New York Times
Msgr. Kevin Sullivan, executive director of Catholic Charities, is scheduled to speak at a rally on Monday organized by a coalition of religious, labor and community leaders to urge the passage of the bill, originally introduced last year by two City Council members from the Bronx.
The archdiocese has been hesitant to weigh in on legislative matters, and, indeed, Monsignor Sullivan was quick to clarify in an interview Sunday that the archdiocese had not taken “a specific position” on the bill, saying it generally did not take a position on any piece of legislation.
But he added that the rally on Monday, at Riverside Church, would provide an appropriate setting for the archdiocese to address economic hardship and unemployment, matters of utmost concern to the church.
He said he planned to read a statement from Archbishop Timothy M. Dolan, who, Monsignor Sullivan said, will also address these subjects on Tuesday during a Thanksgiving-related event at a Catholic Charities community center in Harlem.
“We’re going to speak about how this economic crisis continues to hurt everybody in society, particularly the poor,” the monsignor said. “We need to make sure there are decent jobs with decent wages.”
The Council plans to hold a hearing on the bill, called the Fair Wages for New Yorkers Act, on Tuesday. The revised version of the bill would mandate a wage of $10 per hour with benefits, or $11.50 without benefits, for employees of projects that receive at least $1 million in subsidies. Small businesses with $5 million or less in annual revenue, and all manufacturing companies, would be exempt.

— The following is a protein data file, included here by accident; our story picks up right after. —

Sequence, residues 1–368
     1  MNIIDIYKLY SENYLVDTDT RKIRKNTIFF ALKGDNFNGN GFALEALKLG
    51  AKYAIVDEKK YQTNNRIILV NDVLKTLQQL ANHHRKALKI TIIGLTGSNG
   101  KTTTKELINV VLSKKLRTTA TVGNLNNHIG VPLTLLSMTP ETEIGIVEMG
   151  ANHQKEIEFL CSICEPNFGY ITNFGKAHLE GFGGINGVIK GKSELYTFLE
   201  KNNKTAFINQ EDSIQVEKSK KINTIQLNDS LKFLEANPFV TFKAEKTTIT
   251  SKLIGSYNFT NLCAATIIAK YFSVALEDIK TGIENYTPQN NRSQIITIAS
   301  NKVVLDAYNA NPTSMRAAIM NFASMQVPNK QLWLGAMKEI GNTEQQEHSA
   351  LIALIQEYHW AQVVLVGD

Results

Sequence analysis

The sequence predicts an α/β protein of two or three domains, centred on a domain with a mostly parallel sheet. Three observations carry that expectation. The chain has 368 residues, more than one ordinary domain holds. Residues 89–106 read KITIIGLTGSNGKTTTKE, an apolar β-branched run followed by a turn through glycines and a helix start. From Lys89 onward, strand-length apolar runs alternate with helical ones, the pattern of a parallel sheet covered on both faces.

The majority of council members have endorsed the bill, which has gathered support among labor leaders and unions, nonprofit groups and clergy members. But it faces fierce opposition, from business leaders, Mayor Michael R. Bloomberg and others, who contend that it could harm employment and businesses in the city. Mr. Bloomberg has threatened to veto the bill.
Christine C. Quinn, the Council speaker, could also scuttle the bill by not bringing it up for a vote. She has not publicly declared whether she will support it.
Monsignor Sullivan’s appearance at the rally Monday, the bill’s advocates said, will provide a major lift to their campaign.
“The Catholic Church’s presence at the rally in support of living wages adds great moral and political strength to the movement,” said Stuart Appelbaum, president of the Retail, Wholesale and Department Store Union, which has led the coalition lobbying for the bill.
A spokesman for the union, Dan Morris, said Monsignor Sullivan’s appearance would be “the culmination of a year of intense faith-based coalition building.”
The rally, Living Wage: Many Voices, One Goal, will also include statements by other religious leaders, as well as labor and civil rights activists.
The archdiocese’s participation is part of a recent push by Archbishop Dolan to focus more attention in the church on the problems of economic hardship and the importance of living wages.
On Sept. 15, in a letter to all bishops in the United States, he urged members of the Catholic clergy to speak out on the problems of poverty and unemployment.
“The best way out of poverty is to work at a living wage,” wrote the archbishop, who is also president of the United States Conference of Catholic Bishops. “The common good will not advance, economic security will not be achieved, and individual initiative will be weakened when so many live without the dignity of work and bear the crushing burden of poverty.”